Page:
Communion Story

My husband volunteers as a Eucharistic Minister in our local hospital.  He visits each person who has identified him/herself as Catholic, offering the Body of Christ to any who would like to receive it.  He told me a story about one patient this past week:  he stopped in to visit her.  He introduced himself.  She was recovering from surgery and they chatted briefly.  He offered her Communion.  She said no, no, explaining that she had been attending an evangelical church for the past several years and had not been to Mass.  Besides, she said, she just eaten breakfast.  They talked some more, about the fasting requirement, about related subjects.

“Did you give her Communion?” I asked, and  to my surprise he said “yes”.  Thoughts of the rules and needing to be properly prepared to receive Our Lord ran through my head.  Scripture passages.  Homilies.  Years of training and study.

He went on to tell me that they first prayed together.  He prayed over her and for her.  They said the Our Father together.  As they prayed, she began to tear up.  She asked for the Eucharist,  and gratefully received the Host.  Then she began to cry in earnest.  My husband felt this to be a beautiful, powerful moment and a profound experience of faith.

I thought about it, knowing the canon law and the importance of being in a state of grace and properly prepared to receive the Eucharist . . . but also  knowing how the necessity of the moment seemed to call for this bending of the rules.

Jesus is the very definition of mercy and forgiveness, and He alone knows what was in a person’s heart.  I suppose that if it came down to this sort of on-the-spot decision,  even if it turned out to be in error, I’d rather err on the side of mercy and compassion than in being strictly correct.


About reinkat

I am an iconographer, and have been studying Russian/Greek icons since 1995. I'm married with 3 children. I love hiking, camping, animals, my family and church--and icons.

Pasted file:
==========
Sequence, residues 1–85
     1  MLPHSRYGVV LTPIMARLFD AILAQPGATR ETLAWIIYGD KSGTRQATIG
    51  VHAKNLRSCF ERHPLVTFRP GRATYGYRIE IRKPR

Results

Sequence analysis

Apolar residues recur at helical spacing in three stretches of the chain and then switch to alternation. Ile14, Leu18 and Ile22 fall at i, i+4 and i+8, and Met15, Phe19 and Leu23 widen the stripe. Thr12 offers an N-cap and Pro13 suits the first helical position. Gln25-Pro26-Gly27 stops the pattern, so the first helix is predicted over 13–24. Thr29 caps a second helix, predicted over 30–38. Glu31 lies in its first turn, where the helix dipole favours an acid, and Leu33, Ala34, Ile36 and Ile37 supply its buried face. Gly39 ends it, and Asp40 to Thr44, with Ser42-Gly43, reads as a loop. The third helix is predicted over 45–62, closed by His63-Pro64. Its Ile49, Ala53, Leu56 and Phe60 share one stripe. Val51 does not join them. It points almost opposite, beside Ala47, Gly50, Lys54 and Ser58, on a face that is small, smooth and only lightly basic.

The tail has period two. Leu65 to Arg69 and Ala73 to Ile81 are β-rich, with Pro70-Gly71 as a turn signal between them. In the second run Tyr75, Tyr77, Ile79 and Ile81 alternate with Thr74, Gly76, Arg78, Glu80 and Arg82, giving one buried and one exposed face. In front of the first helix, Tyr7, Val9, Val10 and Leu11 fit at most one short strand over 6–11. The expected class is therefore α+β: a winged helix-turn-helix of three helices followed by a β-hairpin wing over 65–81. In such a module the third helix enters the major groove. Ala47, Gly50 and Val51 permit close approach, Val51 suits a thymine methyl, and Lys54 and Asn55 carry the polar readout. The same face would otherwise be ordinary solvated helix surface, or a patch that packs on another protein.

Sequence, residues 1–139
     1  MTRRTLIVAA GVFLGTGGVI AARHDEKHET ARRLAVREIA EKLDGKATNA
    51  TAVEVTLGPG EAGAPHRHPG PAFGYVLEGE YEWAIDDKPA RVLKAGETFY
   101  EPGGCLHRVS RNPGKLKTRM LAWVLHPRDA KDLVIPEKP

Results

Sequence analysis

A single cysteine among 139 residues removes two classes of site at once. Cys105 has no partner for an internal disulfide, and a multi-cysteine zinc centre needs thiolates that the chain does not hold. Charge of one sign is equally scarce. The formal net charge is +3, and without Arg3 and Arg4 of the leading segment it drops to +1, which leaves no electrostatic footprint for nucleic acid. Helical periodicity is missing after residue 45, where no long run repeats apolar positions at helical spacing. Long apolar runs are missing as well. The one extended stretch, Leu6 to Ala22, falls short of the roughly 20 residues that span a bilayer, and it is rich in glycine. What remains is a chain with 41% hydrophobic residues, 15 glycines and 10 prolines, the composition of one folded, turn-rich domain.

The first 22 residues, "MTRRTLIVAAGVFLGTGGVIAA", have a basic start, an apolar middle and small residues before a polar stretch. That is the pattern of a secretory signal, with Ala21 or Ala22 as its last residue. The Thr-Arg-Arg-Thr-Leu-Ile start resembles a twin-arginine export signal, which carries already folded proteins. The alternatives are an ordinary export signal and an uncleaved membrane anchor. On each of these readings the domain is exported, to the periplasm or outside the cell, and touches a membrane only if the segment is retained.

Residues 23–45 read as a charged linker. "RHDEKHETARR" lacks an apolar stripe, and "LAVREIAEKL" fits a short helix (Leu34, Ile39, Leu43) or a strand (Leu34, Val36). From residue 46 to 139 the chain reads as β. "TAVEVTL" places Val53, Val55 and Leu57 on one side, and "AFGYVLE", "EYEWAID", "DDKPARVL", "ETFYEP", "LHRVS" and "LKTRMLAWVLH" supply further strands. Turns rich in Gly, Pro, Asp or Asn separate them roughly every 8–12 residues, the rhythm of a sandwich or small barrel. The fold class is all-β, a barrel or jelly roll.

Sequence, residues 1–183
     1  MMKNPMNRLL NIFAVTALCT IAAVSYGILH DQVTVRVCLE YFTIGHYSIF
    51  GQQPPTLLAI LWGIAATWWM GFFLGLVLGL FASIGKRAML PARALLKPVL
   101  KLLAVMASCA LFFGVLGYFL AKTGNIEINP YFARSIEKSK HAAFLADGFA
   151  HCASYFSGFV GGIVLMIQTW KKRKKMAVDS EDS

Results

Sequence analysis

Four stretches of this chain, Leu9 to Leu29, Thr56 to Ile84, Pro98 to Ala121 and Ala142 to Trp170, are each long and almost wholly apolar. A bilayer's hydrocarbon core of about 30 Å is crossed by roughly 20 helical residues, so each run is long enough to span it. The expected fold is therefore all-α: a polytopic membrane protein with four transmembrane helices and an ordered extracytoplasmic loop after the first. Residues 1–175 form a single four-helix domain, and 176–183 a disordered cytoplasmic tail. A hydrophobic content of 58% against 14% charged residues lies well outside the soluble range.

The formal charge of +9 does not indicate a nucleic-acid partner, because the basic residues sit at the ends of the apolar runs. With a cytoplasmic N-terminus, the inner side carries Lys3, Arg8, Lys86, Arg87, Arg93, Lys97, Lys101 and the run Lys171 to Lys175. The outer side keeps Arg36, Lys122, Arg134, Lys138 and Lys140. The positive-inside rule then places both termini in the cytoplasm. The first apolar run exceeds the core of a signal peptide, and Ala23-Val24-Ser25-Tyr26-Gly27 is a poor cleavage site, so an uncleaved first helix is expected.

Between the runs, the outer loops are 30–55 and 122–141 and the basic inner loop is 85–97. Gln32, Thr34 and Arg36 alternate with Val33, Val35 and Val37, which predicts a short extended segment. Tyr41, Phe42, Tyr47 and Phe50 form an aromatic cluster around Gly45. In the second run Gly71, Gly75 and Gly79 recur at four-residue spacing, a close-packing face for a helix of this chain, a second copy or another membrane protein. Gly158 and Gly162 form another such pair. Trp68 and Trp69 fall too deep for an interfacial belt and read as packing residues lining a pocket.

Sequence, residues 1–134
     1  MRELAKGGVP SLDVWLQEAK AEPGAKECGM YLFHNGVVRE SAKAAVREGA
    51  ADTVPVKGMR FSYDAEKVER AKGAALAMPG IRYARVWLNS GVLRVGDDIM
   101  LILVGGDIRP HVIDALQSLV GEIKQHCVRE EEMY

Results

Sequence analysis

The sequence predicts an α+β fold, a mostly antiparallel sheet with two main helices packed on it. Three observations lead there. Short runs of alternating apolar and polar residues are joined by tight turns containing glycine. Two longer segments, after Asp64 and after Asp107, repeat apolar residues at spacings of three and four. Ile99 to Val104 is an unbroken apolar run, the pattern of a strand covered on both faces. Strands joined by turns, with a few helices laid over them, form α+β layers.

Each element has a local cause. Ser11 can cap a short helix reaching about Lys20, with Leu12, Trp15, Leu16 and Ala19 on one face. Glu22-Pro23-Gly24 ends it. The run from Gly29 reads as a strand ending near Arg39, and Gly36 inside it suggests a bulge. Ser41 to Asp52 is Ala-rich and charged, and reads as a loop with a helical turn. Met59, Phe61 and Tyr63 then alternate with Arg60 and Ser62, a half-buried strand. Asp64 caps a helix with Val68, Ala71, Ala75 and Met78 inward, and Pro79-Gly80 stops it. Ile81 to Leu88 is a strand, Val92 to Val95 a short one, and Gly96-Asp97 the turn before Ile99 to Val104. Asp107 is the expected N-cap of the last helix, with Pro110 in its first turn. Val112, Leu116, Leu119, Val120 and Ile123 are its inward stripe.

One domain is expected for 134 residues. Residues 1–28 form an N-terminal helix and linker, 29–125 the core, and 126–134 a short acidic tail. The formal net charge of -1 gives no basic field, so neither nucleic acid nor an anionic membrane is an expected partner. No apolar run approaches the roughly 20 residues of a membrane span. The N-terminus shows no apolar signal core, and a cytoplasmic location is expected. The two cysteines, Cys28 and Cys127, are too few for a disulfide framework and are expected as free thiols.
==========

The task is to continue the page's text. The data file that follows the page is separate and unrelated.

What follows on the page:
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3 Responses to Communion Story

  1. Agellius says:

    I’m sorry to say it, but it wasn’t his decision to make. Obviously he got caught up in the emotion of the moment and I don’t judge him for that. But objectively speaking, there was no urgency. It seems like it would have been an excellent opportunity to suggest calling a priest so that she could confess her sins. Instead he assisted her in committing a sin.

    • reinkat says:

      Hi Agellius,
      I was glad to get your thoughtful comment. I do understand where you are coming from–in fact, your response was my first reaction to hearing this story. I did take it to prayer, and gave it much thought before writing the post. Yes, it would have been a good suggestion to call a priest–but of course in the ICU the Eucharistic Minister does not have access to the prognosis records, and if the patient had been away from the Church a priest was not likely to be called. The degree of urgency is not known in this case, because the prognosis is not known. But yes, you are right: it would have been an excellent idea to call a priest, or at least follow up with a call to a priest even after the visit. A very good idea.

      And perhaps my husband’s decision was a bridge to her full reconciliation and re-embracing of her faith, and she will follow up on this with a full reconciliation after her recovery.

      Only God knows if she committed a sin. Only He knows what was in her heart. To commit a sin, one must know it is a sin and do it anyway. Perhaps these conditions were not there. Who knows.
      But in the hope that the Eucharist in this instance would touch a sincere heart and bring her back into the fold, I still think that an error on the side of mercy will be a better action than being extra careful about the rules, all things considered.

  2. njacacia says:

    Recently at mass, I witnessed what I felt to be a holy moment. During communion, little children began to approach the priest for communion. Parents began to carry small children in their arms up to receive communion with them. I tensed, expecting that the priest would turn these children away. But instead, he gave communion to them…and it made me weep for joy, because I thought this is exactly what Christ would have done–welcome children wanting to be closer to God and to be in the community of the faithful. I felt this was a holy moment, and that this priest was a holy man. Rules are man made, but this priest was working under the power of a higher authority–Christ’s love for each of us who come to Him.

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